Specific Aspects of the Right to Build
This article outlines some specific legal aspects of the right to build (superficies) and the related legal solutions in accordance with the existing legislation and the case law. As the topic is very broad, this article can cover only some of the typical characteristics of the right to build. Therefore it should be emphasized that each individual case is subject to a thorough individual due diligence process.
Pursuant to Article 92 of the Ownership Act (OA), the general principle is that the owner of the land is also the owner of the buildings, structures and plants (fixtures) thereon, unless agreed otherwise (the principle of accretion or the solo cedit principle). This principle is not applicable only in the cases provided for explicitly in the law. One derogation is set out in Article 63(1) OA which enables the landowner to cede the right to build on the land to another person and to allow the builder to acquire ownership rights to the building separately from the ownership of the plot of land. In accordance with Article 67 OA, the right to build on another person’s land (pursuant to Article 63(1) OA) is redeemed to the benefit of the landowner by statute of limitations if the right is not exercised within the prescriptive period of five years. Here comes the first specific aspect to be clarified, i.e. what will happen if the contract provides for the landowner to complete the building to the benefit of another person? The answer to this question is that there is no statute of limitations with regard to the right to build in this case. Furthermore, there is no statute of limitations for the right to build, which has been ceded as indemnity for alienated real estate (§ 11 of the Transitional and Final Provisions of the Territorial Planning Act).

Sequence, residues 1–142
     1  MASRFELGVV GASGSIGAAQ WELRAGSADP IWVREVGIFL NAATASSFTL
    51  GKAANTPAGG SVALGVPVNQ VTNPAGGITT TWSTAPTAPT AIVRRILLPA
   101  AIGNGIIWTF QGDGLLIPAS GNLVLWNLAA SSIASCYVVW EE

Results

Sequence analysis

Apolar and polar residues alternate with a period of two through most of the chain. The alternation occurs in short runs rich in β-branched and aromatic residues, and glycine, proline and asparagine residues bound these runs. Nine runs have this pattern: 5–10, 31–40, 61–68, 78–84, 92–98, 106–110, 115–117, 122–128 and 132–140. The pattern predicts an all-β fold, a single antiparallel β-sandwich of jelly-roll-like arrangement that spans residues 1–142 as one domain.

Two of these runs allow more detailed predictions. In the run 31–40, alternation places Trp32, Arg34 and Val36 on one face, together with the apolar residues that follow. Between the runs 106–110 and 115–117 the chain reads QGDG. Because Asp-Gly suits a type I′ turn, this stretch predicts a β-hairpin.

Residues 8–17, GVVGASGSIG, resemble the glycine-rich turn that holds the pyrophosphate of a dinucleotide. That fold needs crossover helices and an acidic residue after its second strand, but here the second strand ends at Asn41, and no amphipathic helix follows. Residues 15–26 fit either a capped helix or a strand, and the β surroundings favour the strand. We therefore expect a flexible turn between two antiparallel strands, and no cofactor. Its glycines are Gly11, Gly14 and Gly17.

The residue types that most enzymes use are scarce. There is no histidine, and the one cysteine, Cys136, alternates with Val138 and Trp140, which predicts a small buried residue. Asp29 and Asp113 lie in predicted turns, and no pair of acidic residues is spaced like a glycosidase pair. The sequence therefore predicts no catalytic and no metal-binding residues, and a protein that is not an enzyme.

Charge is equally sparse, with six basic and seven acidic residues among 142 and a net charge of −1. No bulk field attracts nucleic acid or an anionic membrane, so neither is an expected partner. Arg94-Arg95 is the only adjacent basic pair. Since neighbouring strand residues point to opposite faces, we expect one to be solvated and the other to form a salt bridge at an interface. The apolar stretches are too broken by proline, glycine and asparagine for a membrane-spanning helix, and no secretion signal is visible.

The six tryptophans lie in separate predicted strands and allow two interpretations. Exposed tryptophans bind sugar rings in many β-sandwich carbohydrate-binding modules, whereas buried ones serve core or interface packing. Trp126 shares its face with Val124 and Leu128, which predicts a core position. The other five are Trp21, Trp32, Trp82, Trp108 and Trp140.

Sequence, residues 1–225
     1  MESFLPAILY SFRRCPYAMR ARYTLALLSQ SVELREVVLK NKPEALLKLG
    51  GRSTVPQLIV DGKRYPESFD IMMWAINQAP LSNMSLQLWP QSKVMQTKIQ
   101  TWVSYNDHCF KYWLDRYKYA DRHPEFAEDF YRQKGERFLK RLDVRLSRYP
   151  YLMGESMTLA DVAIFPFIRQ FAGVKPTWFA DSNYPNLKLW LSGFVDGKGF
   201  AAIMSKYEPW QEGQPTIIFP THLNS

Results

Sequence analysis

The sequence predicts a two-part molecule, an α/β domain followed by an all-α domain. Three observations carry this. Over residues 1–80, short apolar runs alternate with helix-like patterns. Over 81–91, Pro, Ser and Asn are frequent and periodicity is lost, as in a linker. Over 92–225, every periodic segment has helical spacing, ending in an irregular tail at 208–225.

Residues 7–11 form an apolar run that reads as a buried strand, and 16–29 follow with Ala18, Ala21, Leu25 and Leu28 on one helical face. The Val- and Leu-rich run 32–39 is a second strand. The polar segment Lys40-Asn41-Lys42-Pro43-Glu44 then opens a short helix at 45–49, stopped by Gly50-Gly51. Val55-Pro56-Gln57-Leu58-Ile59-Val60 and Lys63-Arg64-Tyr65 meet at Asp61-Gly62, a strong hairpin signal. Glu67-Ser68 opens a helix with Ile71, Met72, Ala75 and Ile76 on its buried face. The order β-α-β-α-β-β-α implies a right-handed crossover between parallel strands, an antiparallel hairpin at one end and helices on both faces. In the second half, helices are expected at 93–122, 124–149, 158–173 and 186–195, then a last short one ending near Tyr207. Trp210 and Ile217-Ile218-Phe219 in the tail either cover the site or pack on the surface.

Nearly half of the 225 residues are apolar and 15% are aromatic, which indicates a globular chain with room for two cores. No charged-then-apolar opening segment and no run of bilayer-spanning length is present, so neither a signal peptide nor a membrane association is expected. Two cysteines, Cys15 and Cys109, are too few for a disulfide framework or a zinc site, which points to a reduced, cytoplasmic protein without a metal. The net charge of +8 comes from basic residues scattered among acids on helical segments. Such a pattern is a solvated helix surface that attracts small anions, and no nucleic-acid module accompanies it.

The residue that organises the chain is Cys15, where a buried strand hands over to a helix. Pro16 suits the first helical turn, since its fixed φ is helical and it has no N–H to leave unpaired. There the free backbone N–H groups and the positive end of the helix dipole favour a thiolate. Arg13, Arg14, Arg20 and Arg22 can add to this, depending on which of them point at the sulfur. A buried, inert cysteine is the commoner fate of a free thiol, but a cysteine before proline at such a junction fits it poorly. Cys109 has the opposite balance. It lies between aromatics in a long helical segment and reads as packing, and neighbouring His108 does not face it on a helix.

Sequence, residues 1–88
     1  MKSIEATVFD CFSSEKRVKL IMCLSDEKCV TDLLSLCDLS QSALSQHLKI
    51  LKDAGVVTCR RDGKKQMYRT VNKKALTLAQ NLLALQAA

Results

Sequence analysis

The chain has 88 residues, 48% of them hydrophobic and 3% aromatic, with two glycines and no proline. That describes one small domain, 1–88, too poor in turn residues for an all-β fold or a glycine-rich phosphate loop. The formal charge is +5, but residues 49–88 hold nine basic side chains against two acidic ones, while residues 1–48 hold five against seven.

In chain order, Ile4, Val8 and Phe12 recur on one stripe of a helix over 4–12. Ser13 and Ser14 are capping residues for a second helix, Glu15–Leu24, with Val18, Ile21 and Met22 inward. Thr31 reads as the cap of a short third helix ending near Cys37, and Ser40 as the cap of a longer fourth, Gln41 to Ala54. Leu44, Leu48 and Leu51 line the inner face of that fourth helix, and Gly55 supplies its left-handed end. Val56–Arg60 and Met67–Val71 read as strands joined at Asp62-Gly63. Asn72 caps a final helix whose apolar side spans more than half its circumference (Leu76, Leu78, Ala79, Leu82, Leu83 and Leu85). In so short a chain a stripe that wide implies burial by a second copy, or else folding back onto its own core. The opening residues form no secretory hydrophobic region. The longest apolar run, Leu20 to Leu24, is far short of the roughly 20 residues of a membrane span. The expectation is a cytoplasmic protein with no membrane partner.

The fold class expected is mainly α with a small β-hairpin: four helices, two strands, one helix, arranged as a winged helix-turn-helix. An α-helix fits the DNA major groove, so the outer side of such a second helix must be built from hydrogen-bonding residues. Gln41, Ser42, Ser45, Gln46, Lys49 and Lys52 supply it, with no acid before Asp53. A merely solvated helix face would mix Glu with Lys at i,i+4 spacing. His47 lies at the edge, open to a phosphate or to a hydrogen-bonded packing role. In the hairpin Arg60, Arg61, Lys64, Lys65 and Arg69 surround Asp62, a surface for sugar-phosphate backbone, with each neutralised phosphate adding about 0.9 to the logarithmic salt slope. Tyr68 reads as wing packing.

Generally, the right to build is created by virtue of a contract or an administrative instrument. The most common case is the contract which, following the general rule set out in Article 18 of the Obligations and Contracts Act (OCA), should be given in the form of a notarial deed. In modern times, the typical arrangement is for the landowner to conclude a contract instituting the right to build for some units in the would-be building with a developer who undertakes to complete and ensure the commissioning of the whole building. The conclusion of a single contract which grants the right to build to a developer for some parts of a building consisting of a number of separate units (apartments or studios) is perhaps the most common practice. However, what are the legal implications if the developer who is granted the right to build fails to exercise this right within the five-year time limits prescribed by Article 67 of the Ownership Act? This question is answered in Interpretative Decision No. 1 of 4 May 2012 in Interpretative Case No. 1/2011 of the General Assembly of the Civil Law Colleges at the Supreme Court of Cassation. The Supreme Court of Cassation holds that the concept “exercise of the right to build” as set out in Article 67 OA means the completion of the rough-in phase of construction or the phase for which the building permission has been granted, although the building may consist of numerous separate units, some of which could possibly have been completed at that point of time. A failure to fulfil the obligation to complete the building within the agreed time limits will enable the landowner to cancel the contract on the right to build in court proceedings and to have its legal effect eliminated in this way. Moreover, even without cancelling the contract, the landowner can invoke the statute of limitations and claim ownership rights against the beneficiary of the superficies if the building has not been completed the building to its roof within the five-year period after the right to build was granted. In case the claim is granted, the right to build, because of its extinguishment by statute of limitations, will be returned to the landowner. The landowner will also acquire the fixtures thereon (units or floors of the building) because the right to build based on the single contract with the landowner cannot be exercised partially. This means that if the building has not been completed up to its roof, the right to build will be extinguished by statute of limitations in full rather than for the incomplete units only.